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Frameworks for Conceptualizing the US Political Right:

Countersubversion Theory

Countersubversion theory emerges from the industrial revolution and the rise of organized labor. Countersubversion theory merged as the analytical model favored by corporate elites and private security firms to enlist state agencies in an effort to repress strikes and civil unrest aimed at industrial worksites and mines. Countersubversion theory later expanded beyond its early focus on alleged labor agitation and organizing by communists and anarchists to see all dissident social movements arising not from any real social or economic conditions, but as the creation of outside agitators who comprise a cadre at the epicenter of the movement.4 These leaders use the movement as a front to hide their plans for criminal subversive activity and eventual violent armed revolution.5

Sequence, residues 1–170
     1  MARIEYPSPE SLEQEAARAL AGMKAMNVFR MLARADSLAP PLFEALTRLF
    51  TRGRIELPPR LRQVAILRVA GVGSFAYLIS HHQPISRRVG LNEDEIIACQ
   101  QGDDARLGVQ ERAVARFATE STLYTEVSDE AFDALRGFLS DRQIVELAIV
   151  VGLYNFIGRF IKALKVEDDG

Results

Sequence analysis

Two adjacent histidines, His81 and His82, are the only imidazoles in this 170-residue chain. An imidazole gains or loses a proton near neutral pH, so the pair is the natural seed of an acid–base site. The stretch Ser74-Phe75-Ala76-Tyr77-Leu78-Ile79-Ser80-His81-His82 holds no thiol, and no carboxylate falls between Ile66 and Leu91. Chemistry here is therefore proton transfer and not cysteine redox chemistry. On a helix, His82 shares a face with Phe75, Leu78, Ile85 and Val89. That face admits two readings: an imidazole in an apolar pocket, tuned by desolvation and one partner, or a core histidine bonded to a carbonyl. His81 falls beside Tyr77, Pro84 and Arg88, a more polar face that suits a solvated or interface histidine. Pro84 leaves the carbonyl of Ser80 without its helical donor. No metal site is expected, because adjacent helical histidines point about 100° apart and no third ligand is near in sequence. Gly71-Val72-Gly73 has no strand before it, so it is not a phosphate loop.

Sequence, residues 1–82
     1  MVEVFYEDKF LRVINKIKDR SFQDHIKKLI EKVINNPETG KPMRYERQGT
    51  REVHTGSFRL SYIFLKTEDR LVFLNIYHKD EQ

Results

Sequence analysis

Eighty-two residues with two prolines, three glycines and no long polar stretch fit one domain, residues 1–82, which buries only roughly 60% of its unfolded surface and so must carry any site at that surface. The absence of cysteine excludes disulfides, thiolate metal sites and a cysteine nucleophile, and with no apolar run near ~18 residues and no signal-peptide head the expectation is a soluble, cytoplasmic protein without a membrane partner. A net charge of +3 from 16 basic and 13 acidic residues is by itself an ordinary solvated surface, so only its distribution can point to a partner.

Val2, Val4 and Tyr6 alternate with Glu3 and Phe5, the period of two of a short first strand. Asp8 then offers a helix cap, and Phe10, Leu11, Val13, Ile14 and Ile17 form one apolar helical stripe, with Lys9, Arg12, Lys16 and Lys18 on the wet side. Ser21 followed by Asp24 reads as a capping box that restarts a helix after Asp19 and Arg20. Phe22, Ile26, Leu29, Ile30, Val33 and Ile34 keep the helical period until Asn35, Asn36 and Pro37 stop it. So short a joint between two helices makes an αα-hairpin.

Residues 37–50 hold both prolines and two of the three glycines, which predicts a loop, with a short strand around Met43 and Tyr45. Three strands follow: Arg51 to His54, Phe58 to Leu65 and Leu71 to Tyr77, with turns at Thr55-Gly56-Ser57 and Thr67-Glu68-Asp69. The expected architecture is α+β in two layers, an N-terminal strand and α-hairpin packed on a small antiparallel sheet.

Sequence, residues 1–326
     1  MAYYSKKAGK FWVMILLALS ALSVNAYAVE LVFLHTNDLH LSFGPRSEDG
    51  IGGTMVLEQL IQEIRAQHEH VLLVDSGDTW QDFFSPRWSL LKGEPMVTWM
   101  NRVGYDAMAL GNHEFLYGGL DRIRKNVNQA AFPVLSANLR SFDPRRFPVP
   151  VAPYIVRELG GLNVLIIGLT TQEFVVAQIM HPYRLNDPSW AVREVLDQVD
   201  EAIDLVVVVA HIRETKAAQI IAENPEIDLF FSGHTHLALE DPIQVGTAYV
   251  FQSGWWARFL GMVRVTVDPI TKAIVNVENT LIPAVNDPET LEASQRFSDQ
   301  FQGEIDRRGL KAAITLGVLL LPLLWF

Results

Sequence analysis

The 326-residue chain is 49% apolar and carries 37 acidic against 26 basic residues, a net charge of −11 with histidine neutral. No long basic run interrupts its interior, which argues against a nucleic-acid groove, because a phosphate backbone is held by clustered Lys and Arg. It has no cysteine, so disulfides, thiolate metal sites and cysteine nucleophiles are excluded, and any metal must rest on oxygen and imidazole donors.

A key feature of countersubversion identified by author Frank Donner was the focus on individual ringleaders, outside agitators, foreign agents, hidden conspirators, and master manipulators. "The emphasis on individuals-cherchez la personne!-plays another quite separate role in the intelligence schema. It personalizes unrest and thus detaches it from social and economic causes. Under this view the people are a contented lot, not given to making trouble until an `agitator' stirs them up. As soon as he or she is exposed or neutralized, all will be well again."6

The solution for challenging "subversive" groups is to use widespread surveillance and infiltration to penetrate to the core of the movement, expose the criminal cadre, and restore order as the larger movement collapses without the manipulators to urge them to press their grievances which were never significant to begin with.

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Overviews of the Three Conceptual Models


Overviews of the Three Conceptual Models

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